• Three things I now know: Stephen Curry picks up the second ball from the front for his first shot at each rack in the three-point competition … LeBron James referred to the NBA ‘shield’ on at least two occasions this weekend, no doubt a reflection of his appreciation of his role as perhaps the most powerful individual athlete in any pro sport. But, man, it was tough hearing him sound like Roger Goodell – and it’s a logo more than a shield, no? … and after exhaustive research, I’ve come to the conclusion that Matt Bonner is basketball’s version of John McDonald in this city. That is all.

The end game
This was the week that the Toronto Maple Leafs ditched Dion Phaneuf, but it’s important that this is said: Most of what made him unpopular in this city was other people’s doing, particularly former general manager Brian Burke and head coach Ron Wilson. They were complicit in the unbelievably short-sighted decision to make him captain of a team that didn’t need one and that, even moreso than his contract, was the root of his issues here.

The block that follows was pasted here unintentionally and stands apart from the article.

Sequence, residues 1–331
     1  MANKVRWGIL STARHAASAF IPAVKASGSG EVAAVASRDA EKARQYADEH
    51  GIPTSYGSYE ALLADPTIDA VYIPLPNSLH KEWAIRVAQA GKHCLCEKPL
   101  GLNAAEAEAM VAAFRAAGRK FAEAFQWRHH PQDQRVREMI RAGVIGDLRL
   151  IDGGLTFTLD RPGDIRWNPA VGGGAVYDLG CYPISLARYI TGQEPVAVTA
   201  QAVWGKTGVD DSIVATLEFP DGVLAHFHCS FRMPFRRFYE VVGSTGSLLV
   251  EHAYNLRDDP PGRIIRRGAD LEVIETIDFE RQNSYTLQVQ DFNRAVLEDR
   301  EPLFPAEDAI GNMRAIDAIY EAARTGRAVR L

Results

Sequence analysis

It was unnecessary pressure, a gross misread of the climate at the time, and a reflection of a brain trust in love with itself. Watching Phaneuf read from a prepared statement when he was named captain was a tip-off.

Jeff Blair hosts The Jeff Blair Show from 9 a.m.-12:00 p.m. ET on Sportsnet 590 The FAN